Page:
Discipline: Biological Sciences
Jessica Tolbert - Claflin University
Co-Author(s): Gayathri Raghupathy and Benjamin D. Ortiz, Hunter College CUNY, New York, NY
Locus control regions (LCR) are DNA regulatory elements composed of multiple DNAse I hypersensitive sites (HSs) that have varied functions, which collectively provide integration site-independence to, and spatiotemporally regulate the expression pattern of, a linked gene. We study the T cell receptor alpha (TCR) LCR which contains nine HSs. Recent findings in our lab show that the integration site-independence function of this LCR is mediated by the barrier insulation capacity of HS4 and HS6. Barrier insulators are DNA regulatory elements that prevent the spreading of inactive chromatin into active chromatin regions. Prior results of barrier insulation assays showed that LCR-linked reporter gene-bearing clones maintained reporter gene expression over a 90-day period. We seek to understand the factors that contribute to the barrier activity. Runx1 and RNA polymerase ll are two factors known to bind to the HS6 element. To assess the contributions of these factors to barrier function, we took two distinct loss-of-function approaches to interfere with the activity of these factors in LCR-linked reporter gene bearing T cells. Barrier insulation in vertebrates has not been explored much beyond the one known transcription factor (USF) found to functionally interact with vertebrate barrier elements. The data found shows the possible dosages needed to properly knock down the functionality of RNA polymerase ll phosphorylation. Our work aims to shed light on alternative mechanisms of barrier insulation capacity, and their relation to LCR activity.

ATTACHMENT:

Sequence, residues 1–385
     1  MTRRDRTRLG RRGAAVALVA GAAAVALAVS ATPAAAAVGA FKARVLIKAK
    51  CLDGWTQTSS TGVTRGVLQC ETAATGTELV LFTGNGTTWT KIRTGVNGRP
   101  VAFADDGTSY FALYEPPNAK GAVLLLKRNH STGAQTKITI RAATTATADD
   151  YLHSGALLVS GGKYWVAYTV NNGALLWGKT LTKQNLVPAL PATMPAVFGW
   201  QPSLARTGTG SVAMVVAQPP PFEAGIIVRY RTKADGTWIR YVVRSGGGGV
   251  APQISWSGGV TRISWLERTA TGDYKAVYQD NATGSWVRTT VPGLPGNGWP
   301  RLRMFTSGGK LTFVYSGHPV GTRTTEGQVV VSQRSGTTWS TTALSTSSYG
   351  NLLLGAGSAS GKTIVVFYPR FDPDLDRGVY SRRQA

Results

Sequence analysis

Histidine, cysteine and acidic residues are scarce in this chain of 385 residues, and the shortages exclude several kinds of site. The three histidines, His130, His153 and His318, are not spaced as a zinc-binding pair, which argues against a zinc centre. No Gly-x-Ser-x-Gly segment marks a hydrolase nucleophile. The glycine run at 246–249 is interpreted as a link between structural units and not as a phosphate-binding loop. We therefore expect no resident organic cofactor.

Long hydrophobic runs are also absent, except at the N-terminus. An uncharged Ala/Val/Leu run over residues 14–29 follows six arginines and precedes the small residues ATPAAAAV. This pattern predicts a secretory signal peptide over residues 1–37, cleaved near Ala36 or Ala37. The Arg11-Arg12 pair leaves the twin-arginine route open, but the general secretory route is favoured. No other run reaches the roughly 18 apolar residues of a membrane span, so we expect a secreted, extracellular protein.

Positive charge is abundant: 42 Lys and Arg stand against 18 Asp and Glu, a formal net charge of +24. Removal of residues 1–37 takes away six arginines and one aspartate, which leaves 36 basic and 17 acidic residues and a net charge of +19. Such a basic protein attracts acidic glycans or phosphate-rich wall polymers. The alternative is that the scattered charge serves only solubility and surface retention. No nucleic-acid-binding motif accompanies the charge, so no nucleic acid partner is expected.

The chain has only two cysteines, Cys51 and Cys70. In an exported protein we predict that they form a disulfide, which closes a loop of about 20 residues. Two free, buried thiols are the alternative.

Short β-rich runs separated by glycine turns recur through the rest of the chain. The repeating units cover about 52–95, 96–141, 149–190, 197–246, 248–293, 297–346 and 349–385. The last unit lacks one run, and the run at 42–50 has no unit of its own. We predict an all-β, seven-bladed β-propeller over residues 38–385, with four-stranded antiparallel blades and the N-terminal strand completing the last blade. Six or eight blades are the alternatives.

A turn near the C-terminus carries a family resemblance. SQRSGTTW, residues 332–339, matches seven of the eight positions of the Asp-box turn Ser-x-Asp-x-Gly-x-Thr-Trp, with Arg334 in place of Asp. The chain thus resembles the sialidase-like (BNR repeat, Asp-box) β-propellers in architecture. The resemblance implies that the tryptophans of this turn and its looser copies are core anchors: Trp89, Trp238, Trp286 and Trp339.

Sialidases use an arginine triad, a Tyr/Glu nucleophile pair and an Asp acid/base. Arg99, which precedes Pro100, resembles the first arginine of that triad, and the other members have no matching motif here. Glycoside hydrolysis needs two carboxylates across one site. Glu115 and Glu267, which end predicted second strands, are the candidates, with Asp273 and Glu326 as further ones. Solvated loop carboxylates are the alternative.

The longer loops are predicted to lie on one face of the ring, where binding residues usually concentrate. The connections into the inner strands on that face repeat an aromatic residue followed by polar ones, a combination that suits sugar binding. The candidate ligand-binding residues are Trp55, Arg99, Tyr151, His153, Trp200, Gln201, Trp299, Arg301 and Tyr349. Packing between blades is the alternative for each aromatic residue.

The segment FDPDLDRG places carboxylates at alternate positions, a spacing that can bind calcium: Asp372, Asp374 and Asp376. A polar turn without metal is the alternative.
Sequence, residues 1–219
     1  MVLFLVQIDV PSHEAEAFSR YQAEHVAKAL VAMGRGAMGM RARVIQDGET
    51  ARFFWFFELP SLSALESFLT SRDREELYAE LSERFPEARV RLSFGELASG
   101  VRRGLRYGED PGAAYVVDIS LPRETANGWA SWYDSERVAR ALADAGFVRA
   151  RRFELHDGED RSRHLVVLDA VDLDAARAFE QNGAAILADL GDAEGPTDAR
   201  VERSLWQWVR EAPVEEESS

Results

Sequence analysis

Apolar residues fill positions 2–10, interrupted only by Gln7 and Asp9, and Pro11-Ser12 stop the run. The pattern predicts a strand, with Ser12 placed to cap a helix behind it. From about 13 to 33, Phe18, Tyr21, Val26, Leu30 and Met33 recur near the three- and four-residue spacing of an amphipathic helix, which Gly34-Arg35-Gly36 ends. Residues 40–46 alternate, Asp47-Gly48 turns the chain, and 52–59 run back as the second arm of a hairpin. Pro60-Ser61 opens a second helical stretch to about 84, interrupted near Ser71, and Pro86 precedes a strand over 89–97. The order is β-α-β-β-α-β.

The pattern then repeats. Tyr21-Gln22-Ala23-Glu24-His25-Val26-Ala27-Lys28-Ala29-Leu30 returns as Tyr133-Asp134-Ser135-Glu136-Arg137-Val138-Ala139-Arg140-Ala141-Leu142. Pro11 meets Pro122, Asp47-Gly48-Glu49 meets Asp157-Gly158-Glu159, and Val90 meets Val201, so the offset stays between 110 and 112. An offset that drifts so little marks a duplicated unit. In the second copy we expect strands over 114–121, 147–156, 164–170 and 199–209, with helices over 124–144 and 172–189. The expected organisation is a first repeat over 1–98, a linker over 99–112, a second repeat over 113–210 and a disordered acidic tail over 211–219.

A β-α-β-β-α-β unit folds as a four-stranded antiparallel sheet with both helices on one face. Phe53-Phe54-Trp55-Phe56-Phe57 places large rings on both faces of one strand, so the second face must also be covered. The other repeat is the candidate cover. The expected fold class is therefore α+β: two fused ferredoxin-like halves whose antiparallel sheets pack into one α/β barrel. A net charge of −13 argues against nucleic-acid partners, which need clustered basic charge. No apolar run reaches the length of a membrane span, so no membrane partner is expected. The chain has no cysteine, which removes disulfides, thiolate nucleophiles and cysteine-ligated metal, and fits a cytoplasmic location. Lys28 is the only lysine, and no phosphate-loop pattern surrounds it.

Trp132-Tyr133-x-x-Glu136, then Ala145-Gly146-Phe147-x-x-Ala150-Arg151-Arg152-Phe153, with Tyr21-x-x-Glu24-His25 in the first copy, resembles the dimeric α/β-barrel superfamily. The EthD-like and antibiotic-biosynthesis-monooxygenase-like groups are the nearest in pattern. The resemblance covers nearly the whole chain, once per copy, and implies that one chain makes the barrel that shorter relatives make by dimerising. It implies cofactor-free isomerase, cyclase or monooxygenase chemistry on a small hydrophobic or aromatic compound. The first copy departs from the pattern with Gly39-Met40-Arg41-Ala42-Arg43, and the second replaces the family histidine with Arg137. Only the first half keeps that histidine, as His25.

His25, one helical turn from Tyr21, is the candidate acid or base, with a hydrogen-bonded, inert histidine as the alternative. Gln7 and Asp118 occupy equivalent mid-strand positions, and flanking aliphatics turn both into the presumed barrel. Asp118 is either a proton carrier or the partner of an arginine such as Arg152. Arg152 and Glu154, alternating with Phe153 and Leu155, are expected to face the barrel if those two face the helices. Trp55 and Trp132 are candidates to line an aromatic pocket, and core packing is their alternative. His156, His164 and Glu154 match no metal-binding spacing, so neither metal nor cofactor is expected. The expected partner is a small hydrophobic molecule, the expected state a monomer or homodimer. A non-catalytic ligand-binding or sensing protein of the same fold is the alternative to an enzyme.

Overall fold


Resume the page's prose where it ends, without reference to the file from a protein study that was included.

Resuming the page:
Funder Acknowledgement(s): The Hunter College SPUR program is funded by NIH-NIDA (DA032520) and NIH-NIMHD (MD007599) and the Leadership Alliance.
Faculty Advisor: Benjamin D. Ortiz, Ortiz@genectr.hunter.cuny.edu
Role: I participated in bacterial colony prep to extract plasmids using a Midi Prep. I conducted a MTT Assay and Bradford Assay. Additionally, I cut desired plasmids from electrophoresis gel by identifying the size. I also performed a western blot to identify RNA Polymerase ll protein and maintained the cell culture of the mice T cells.